I am quite sure out of simple perversity. She had resolved not to take the cart out that day. Over it went, breaking a shaft, and sending an avalanche of loaves all over the road. That made a wonderful commotion. Out came a swarm of baker men and baker boys, white-capped, white-aproned, who took the mare out of harness and walked her to her stall again, backed the cart into the yard for repairs, and with laughs and jokes and quick, nimble movements carried in the loaves on trays and in baskets, and had the place clear again in a couple of minutes. I was grateful to the wicked little mare. With the sudden change from quiet to activity in the bright, empty morning street, and such a quaint appearing and disappearing of odd-looking active figures, it seemed as if I had had a glimpse of a scene at a pantomime.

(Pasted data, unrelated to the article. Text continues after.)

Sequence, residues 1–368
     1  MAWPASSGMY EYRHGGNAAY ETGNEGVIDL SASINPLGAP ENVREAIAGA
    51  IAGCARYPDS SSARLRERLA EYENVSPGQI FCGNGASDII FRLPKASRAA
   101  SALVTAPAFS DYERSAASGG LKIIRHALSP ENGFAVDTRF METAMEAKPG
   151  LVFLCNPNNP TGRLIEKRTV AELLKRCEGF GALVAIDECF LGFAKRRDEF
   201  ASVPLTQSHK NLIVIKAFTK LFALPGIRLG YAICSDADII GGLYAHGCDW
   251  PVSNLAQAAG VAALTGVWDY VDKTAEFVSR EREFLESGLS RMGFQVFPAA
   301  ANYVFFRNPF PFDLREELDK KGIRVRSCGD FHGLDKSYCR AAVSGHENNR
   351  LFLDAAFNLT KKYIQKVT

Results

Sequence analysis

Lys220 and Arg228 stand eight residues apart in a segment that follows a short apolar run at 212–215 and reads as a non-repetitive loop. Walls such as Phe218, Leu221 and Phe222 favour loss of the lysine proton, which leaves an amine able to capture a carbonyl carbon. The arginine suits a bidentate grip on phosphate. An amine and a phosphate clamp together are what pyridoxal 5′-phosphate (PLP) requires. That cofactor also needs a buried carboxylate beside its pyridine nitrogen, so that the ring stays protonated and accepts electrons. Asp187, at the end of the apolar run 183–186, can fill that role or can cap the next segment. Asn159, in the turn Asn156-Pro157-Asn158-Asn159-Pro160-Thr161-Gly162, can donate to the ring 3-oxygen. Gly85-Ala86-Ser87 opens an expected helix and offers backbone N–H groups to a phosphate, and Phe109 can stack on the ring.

The carts dispatched, there is still a constant movement of some sort or other in my yard. Piles of biscuit tins are carried across : carts come from neighboring retail establishments or from country stores to secure their tale of loaves; or perhaps packages are brought in, spices, sugar, etc., needed for sweet things; or a wagon rolls through the gates, piled high with big bags, bringing in new supplies of flour. These have to be swung up by block and pulley, and lodged in the upper story; and here is another animated scene. It is all transported from wagon to loft in wonderfully quick time,— all the work done at this bakery seems accomplished at the greatest possible speed and with the brightest good-humor, — and the whole business, from a picturesque point of view, is simply entrancing. The strong lines of the wagon below, with the horses standing solidly, thankful for the rest; the driver mounted on the pile, and falling unawares into all sorts of fine attitudes as he secures each bag in turn upon the hook, or directs its course as it swings up into the air; and the action of the men above as they pull up or haul in their prey out of the sunshine into the black open doorway, — I have seen again and again such a series of fine effects in this stirring life picture. Any one of them would have made an artist’s fortune if he only had skill enough to reproduce it exactly, with every line done justice to, and no point lost of sun and shadow.